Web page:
The first day is entirely on the highway, a long haul of about 405 miles from Michigan to Canada.
|Date:||Saturday, June 16, 2007|
|Weather:||Warm and sunny|
|Traffic:||Heavy in stretches|
|Departure:||Beverly Hills, Michigan|
|Distance:||405 miles by highway|
|2007 Cruise on Rideau Canal|
We depart about 8:30 a.m. on a warm June Saturday morning, our trip starting slowly, as we work our way to the interstate highway for a 90-mile drive to Sarnia and a border crossing into Canada. These first few miles take us until almost 11 a.m., when we pull off the road at the Ontario Visitor Center. We have traveled to Canada often in the past and found it a bargain, but the value of U.S. money has fallen dramatically in the past four years. Once our American dollar bought $1.56 in Canadian currency, but it is now down to $1.05 at best, a decline of 33-percent. With the money almost at par, Canada's 16-percent tax added to all purchases becomes an even greater burden. Chris exchanges several hundred dollars in cash but gets a rate of only CA-$1.02. We hope for better on our VISA card to which we plan to charge the majority of our expenses.
While Chris is away changing money, I check the trailer by using an infrared temperature gun to measure its tire and wheel bearing temperatures. The results are not very good; all of the bearings are running quite warm, with temperatures as high as 135-degrees where, ideally, there should be little or no temperature rise at all. This is the first long pull with the trailer this season, and I try to explain away the high temperatures as some rust on the brake drums that is being worn off. I will keep monitoring the wheel bearing temperatures closely as we go on.
We head east on the limited access highway, and although the road soon narrows to one lane for a few miles of road construction, as always, traffic is light and there is no delay. After another 100 miles we pull off at a service center for refueling. I check the wheel bearing temperatures again, but this time I get great results: all bearing temperatures are down below 90-degrees, and all are lower than the tire temperatures. It seems as though whatever friction there was in the system has worn itself away, and the trailer is running much cooler. Since I had just rebuilt all of the wheel bearings last summer, I had confidence that the bearings were good. I suspect that the heat rise was from the friction of rusty brake drums, and it has now, after about 200-miles of travel, worn itself into a normal amount of brake drag.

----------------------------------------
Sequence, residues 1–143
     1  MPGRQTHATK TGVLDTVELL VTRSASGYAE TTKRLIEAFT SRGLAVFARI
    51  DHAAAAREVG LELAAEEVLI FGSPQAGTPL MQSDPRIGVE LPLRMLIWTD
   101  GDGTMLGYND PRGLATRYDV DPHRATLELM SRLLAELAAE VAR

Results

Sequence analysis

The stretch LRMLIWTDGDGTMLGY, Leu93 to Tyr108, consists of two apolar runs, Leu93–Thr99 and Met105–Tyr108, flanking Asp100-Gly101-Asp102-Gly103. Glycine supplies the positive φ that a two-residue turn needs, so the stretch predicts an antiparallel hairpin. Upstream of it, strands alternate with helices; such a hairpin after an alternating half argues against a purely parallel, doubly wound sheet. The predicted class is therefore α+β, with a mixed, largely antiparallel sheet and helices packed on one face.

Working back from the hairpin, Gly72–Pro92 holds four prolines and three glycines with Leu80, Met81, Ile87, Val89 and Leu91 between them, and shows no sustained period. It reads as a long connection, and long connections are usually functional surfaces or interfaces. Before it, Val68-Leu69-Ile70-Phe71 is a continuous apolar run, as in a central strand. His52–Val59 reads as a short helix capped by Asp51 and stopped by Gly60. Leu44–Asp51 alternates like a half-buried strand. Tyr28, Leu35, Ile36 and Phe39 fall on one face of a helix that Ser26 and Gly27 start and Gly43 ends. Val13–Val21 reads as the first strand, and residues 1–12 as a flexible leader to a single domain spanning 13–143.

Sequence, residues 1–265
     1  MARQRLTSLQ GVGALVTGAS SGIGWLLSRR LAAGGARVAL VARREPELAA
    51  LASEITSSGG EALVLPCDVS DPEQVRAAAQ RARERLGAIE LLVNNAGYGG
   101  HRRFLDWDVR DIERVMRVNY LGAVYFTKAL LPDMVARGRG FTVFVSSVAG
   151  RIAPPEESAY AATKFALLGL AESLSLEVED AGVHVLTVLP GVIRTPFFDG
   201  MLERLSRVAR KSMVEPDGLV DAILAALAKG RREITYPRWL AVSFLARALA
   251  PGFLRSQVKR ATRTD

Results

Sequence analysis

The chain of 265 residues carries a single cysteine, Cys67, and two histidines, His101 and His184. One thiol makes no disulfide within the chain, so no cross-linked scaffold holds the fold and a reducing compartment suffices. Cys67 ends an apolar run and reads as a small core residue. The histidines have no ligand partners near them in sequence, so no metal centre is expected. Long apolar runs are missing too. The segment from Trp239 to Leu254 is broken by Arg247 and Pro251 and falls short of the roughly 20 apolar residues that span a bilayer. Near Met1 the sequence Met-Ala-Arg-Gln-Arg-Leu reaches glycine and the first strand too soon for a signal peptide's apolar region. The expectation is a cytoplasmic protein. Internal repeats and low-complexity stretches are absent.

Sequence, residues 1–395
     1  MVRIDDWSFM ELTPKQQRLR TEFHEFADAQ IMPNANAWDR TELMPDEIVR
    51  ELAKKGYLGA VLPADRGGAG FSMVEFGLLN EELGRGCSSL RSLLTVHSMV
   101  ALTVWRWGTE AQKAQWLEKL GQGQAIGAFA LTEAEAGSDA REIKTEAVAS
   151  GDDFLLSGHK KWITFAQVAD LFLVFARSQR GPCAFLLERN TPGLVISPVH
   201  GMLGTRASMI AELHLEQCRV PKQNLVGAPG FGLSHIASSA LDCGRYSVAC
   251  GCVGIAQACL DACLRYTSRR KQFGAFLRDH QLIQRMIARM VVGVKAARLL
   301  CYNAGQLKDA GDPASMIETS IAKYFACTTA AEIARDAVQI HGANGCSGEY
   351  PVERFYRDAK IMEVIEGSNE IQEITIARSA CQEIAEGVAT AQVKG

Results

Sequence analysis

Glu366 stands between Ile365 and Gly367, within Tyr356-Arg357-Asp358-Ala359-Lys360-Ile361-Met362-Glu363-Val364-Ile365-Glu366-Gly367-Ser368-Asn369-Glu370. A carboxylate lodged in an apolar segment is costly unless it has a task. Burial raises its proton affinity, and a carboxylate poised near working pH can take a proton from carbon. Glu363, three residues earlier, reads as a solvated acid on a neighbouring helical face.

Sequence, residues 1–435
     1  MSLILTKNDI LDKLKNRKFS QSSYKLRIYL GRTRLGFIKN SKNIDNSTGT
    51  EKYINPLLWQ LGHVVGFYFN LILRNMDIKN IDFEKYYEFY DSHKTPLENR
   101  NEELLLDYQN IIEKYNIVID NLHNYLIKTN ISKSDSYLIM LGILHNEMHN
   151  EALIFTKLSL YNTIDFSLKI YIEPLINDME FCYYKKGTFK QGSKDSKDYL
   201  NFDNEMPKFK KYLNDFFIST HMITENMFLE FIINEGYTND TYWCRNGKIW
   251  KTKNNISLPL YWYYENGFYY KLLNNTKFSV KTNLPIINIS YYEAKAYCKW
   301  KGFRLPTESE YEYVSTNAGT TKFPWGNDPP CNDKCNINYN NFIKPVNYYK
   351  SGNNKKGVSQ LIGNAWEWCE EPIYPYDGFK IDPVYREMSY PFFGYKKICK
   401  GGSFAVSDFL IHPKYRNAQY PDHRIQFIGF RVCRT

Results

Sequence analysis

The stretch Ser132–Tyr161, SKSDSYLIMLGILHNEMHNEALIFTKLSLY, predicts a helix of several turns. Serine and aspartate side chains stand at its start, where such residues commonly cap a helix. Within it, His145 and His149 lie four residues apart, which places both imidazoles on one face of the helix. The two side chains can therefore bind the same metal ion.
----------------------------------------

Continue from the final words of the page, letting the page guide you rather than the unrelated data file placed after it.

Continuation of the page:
Fuel at the highway service center is about $1.05 per liter in Canadian money, or about $3.79 per gallon in U.S. funds. At one time this would have been a shocking price for highway gasoline, but since we have been paying $3.25 per gallon in our own country for a few weeks, the price does not seem to be outrageous, and there are few options.
Concern about fuel price was a consideration in how we would make this trip. Before departing I had given some thought to topping off the 77-gallon tank in the boat with low-cost American highway gasoline, which I estimated might save as much as $1 per gallon, translating into perhaps $75 in savings. However, hauling the boat with a full tank of gasoline adds weight--a full tank weighs 480-lbs--making the rig that much heavier and harder to pull. And in the event of a serious accident, 77-gallons of fuel flying around the highway could be a danger. It does not seem to be a risk worth taking for only a $75 potential savings. We are hauling the boat with the fuel tank below 1/4-FULL, about the usual maximum we like to tow.
The megalopolis of Toronto is our next highway obstacle, and we are lucky that our eastbound lanes are only slowed to a few miles of stop-and-go traffic. The westbound lanes--all eight or ten of them--are sitting at a dead stop because a serious accident has blocked traffic for miles. By mid-afternoon we have Toronto behind us, and we are rolling smoothly along on eastbound Highway-401. From an elevated bluff this beautiful road gives us occasional glimpses of Lake Ontario's northern shore.
Around the port of Colbourn, we are cruising in the right lane, and getting passed by the majority of other cars when a dark Suburban SUV rolls past. A mile or so later we find the same Suburban, now traveling much slower, and we pass him. As we do, the passenger in the SUV holds up a quickly made sign, "JIM ?"
We nod in assent, and get a laugh out of this highway meeting with another Boston Whaler devotee. A mile or two ahead there is a service center, and we both pull in for a spontaneous highway gam. The fellow traveler turns out to be a long-time participant in the CONTINUOUSWAVE website. He recognized our boat, and tells me "when I saw the driver with a white beard" our identity was confirmed.
After an enjoyable ten minute rendezvous, we get back on the highway for the final stretch to Kingston, our destination for today. Having never visited Kingston, we are not sure what we will find near the marina for gasoline stations. At the last highway service center, we stop to add some fuel to the boat. I add 35-gallons at CA-$1.02 per liter, which brings the fuel gauge to about 3/4-FULL. This will give us a start on our trip with some moderately priced gasoline.